Short Sales get boost with new rules from administration

A “short sale” occurs when the homeowner sells their home at current market value and the lender agrees to accept that amount in full payment of a home mortgage that is typically much higher than the sales price.  Usually a short sale is done to avoid foreclosure, which is a difficult and painful process for both the homeowner and the lender.

Short sales can be a win-win-win.  They are less harmful to the seller’s credit score than foreclosure, and banks end up losing less on a short sale than they would on a foreclosure.   (One study says banks lose twice as much when they foreclose as they do with a short sale).  Not only that, but the house does not lie vacant, which attracts vandals and lowers all values in the neighborhood.

The problem with short sales has been that banks have made it very difficult to do.   You would have to find a buyer who makes an offer and then wait, sometimes months, for the bank to tell you whether or not they would be willing to accept the offer.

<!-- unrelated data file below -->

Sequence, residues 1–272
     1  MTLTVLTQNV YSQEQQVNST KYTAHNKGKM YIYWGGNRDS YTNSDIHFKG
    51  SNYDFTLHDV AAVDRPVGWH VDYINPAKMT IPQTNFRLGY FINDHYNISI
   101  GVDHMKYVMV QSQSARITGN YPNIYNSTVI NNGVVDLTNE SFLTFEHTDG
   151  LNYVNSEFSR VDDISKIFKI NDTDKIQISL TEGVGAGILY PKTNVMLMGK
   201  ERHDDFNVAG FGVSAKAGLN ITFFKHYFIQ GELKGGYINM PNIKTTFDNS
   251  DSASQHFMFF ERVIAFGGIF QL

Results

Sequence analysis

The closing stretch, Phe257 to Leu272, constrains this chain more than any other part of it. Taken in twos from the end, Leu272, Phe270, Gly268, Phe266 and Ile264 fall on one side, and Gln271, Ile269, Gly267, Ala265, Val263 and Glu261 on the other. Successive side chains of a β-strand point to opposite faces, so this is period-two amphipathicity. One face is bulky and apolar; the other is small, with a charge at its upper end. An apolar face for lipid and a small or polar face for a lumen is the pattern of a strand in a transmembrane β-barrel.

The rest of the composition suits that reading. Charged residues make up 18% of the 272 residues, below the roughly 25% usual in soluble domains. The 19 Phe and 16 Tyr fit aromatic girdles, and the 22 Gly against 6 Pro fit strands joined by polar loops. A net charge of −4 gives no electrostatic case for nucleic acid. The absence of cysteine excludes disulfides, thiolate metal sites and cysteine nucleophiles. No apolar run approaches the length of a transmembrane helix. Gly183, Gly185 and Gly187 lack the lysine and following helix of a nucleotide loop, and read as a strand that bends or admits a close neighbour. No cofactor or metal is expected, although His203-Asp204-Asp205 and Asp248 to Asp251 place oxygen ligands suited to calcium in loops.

Under the new rules, banks are encouraged (and sometimes required) to agree to a price in advance, using normal appraisal methods, and to accept any offer that netted them 88% or more of that offer.

This should make these sales a lot quicker and easier.  And once you make a short sale under this program, the government will give you $3,000 for moving expenses. In addition if you buy a new home after selling you could qualify for a 1% subsidy if you get a loan insured by Fannie Mae or Freddi Mac.

The banks will still be leery of short sales, thinking homeowners are playing tricks on them.  You will not qualify if the cost of your mortgage does not exceed 31% of your income, or could be made to come to that number with an interest rate reduction.  For more details on the 31% issue, see our post on Qualifying for Mortgage Modification.

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